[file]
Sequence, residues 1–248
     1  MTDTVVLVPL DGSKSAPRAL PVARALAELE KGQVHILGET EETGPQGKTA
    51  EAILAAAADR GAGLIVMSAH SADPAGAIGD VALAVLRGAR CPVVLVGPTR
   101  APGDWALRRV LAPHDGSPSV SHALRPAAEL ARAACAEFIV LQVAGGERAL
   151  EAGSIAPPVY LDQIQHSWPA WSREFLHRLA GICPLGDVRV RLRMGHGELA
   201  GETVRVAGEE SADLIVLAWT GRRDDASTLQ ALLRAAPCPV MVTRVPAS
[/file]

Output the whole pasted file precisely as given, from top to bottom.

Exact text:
Sequence, residues 1–248
     1  MTDTVVLVPL DGSKSAPRAL PVARALAELE KGQVHILGET EETGPQGKTA
    51  EAILAAAADR GAGLIVMSAH SADPAGAIGD VALAVLRGAR CPVVLVGPTR
   101  APGDWALRRV LAPHDGSPSV SHALRPAAEL ARAACAEFIV LQVAGGERAL
   151  EAGSIAPPVY LDQIQHSWPA WSREFLHRLA GICPLGDVRV RLRMGHGELA
   201  GETVRVAGEE SADLIVLAWT GRRDDASTLQ ALLRAAPCPV MVTRVPAS